From the minimal and maximal intensities, Imin and Imax, the `visibility' V can be calculated:
At field strengths of 1 mT in the first foil flipper magnet the intensity modulation is perfect, corresponding to a visibility of unity. For the field strength of 3 and 10 mT one can observe for the larger distances from the centre of the detector that the visibility of the modulation is decreasing. This decrease in visibility at the edges is due to the spread in wavelength (Δλ/λ = 0.01).
Inserting a scattering sample after the second foil flipper will decrease the visibility when the modulation has a shorter period than the width of the scattering profile. The signal on the detector will be the original modulation convoluted with the scattering profile of the sample on top of the transmitted beam. The visibility of the modulation is thus the cosine transform of the scattering profile. This shows that the relative decrease of visibility with higher magnetic fields is completely equivalent to the formalism in SESANS (Bouwman et al., 2011) and dark-field contrast imaging (Strobl et al., 2015, 2016). The corresponding spin-echo length δ is described by
The four corresponding spin-echo lengths are thus 0.0, 0.14, 0.43 and 1.4 µm. The effect of these applied magnetic fields can be related to the change in polarization in the corresponding SESANS simulation in Fig. 8. That explains why scattering results in a decrease in modulation amplitude, only becoming visible at B1 > 3 mT. The effect is clearly visible by looking at the intensities at the minimums, which are no longer zero.
McStas simulations of ideal SESANS and SEMSANS are in total agreement with analytical theories and experiments. The simulations clearly show how the polarization after one single foil flipper is completely lost and finally recovered again for the instruments without a sample. The most challenging part in these simulations is the correct description of the SANS sample, including the transmitted beam and the multiple scattering.
The principle of time-of-flight SEMSANS has been illustrated (Strobl, Tremsin et al., 2012) and can now be simulated. Detection with a grating (Strobl, Wieder et al., 2012) instead of a high-resolution detector is now also possible. This simulation development will make it possible to investigate more complex data-analysis challenges for combined SANS–SEMSANS measurements at time-of-flight instruments (Plomp et al., 2007), as for example at the instrument Larmor at ISIS (Schmitt et al., 2020). The scattering power and scattering angles are wavelength dependent, which gives interesting effects that require careful data reduction and that can now be simulated. Triangular precession coils as are used in some SESANS-like instruments (Pynn, Fitzsimmons et al., 2008; Parnell et al., 2015) are present in McStas (Sales, 2014), so for these instruments samples can now also be included in simulations.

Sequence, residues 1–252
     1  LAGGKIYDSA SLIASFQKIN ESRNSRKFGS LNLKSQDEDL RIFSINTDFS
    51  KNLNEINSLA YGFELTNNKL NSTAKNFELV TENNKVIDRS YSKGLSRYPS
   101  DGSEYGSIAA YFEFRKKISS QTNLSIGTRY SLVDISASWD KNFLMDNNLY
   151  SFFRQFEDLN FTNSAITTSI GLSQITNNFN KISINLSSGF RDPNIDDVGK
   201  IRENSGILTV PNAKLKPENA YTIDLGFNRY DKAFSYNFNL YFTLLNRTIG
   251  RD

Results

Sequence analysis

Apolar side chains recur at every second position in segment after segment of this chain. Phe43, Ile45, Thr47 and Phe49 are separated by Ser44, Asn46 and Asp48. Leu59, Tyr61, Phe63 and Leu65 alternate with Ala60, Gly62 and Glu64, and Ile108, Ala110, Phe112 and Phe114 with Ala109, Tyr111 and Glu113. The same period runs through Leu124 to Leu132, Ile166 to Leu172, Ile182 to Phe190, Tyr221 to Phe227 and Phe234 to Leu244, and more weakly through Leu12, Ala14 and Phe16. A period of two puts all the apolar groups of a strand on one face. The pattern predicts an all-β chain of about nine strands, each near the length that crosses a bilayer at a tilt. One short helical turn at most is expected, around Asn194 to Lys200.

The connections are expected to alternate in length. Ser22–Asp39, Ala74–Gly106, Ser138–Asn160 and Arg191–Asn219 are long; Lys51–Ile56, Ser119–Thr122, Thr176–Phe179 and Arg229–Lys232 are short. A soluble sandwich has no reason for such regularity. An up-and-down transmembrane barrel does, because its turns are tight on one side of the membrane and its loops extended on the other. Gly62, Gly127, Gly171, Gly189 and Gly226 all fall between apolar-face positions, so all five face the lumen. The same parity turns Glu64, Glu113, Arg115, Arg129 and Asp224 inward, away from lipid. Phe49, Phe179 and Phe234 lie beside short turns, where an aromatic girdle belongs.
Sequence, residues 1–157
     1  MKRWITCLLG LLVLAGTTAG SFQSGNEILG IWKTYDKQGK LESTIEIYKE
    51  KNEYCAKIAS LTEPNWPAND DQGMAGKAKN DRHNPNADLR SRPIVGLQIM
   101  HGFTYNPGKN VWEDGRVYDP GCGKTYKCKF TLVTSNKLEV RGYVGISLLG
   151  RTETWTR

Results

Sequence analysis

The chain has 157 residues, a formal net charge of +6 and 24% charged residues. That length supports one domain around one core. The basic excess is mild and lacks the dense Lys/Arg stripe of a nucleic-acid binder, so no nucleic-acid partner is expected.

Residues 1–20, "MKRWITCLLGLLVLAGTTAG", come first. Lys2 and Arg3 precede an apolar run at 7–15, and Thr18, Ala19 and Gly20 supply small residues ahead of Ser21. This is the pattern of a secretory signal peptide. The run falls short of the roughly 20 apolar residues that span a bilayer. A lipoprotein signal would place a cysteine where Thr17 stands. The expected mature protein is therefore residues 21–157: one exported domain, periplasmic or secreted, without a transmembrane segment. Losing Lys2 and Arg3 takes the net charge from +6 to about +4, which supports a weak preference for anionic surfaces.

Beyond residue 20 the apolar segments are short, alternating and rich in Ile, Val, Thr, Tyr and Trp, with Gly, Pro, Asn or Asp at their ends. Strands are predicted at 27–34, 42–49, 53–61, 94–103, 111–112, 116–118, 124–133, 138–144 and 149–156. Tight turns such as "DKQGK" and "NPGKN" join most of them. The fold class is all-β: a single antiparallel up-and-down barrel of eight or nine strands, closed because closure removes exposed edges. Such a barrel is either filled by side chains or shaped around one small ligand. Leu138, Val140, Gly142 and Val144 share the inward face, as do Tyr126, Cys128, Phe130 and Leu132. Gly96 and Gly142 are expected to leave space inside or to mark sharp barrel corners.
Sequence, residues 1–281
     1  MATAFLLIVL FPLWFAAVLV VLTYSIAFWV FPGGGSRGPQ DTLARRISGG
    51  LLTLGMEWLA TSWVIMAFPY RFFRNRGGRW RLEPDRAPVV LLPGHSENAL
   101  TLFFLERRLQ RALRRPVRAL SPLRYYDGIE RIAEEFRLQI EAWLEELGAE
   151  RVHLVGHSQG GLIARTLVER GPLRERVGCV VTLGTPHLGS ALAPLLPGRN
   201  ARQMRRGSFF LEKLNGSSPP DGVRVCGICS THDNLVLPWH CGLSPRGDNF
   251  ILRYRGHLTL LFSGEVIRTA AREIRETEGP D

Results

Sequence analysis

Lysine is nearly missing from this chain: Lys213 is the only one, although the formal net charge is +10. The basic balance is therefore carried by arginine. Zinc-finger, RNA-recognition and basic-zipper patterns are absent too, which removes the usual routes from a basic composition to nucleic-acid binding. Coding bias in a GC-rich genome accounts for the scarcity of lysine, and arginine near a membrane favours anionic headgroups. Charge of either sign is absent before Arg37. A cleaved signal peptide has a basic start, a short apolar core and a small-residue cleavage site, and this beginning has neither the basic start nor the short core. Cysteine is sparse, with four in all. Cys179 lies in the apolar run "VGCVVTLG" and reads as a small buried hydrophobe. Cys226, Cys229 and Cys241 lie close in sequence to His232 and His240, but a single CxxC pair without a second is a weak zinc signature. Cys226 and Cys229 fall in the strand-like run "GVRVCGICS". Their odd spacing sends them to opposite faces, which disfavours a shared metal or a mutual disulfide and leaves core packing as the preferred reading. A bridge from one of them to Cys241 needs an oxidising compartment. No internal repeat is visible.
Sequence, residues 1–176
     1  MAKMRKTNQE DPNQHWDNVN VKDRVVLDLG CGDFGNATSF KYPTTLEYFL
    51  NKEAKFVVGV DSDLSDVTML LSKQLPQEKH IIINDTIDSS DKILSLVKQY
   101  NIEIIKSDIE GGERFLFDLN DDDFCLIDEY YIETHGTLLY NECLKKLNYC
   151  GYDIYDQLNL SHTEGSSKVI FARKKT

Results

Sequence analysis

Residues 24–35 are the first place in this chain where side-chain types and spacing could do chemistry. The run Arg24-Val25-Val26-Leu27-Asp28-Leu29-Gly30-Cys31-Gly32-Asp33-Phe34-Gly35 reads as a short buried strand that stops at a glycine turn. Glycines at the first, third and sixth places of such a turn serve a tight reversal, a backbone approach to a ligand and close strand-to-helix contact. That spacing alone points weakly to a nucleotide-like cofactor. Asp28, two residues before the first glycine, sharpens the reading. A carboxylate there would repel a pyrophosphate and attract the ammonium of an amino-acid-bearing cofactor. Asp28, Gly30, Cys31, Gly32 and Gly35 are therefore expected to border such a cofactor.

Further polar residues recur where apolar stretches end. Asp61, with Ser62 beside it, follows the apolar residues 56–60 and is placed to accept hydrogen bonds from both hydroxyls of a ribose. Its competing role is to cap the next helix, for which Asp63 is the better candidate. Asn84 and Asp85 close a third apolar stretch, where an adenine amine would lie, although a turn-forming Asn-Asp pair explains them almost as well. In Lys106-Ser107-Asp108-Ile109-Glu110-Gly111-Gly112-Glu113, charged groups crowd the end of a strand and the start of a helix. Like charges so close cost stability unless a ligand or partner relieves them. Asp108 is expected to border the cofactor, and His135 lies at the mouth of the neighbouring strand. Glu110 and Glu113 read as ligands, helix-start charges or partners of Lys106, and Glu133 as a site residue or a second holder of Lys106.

In real instruments, imperfections (Uca et al., 2003) and asymmetries in fields (Pynn, Lee et al., 2008) put limits on the maximal fields that can be applied in precession devices before a loss of polarization in the spin-echo condition makes measurements impossible. Simulations will have to use realistic fields to find the imperfections that limit the technique and improve them. Imprecise manufacturing of components or misalignment's can now be included in simulations to quantify their disturbance of the measurements. The simulations are a valuable tool for the further development of Larmor precession scattering methods.
In principle, one could adapt the sample to include a background and incoherent scattering to study their effect on the measurements. However, it will be more convenient and will give more insight to do such a study with analytical calculations. The modified SANS sample and the McStas instruments used in this study will be distributed with the forthcoming release of McStas.
We thank Henrich Frielinghaus for the SANS component and valuable discussions about this component. We thank Andre Kusmin and Serge Duarte Pinto and many applied physics students from the Delft University of Technology for all their BSc projects with the foil-flipper simulations. We thank Theo Rekveldt, Steven Parnell, Jeroen Plomp and Michel Thijs for critically reading the manuscript.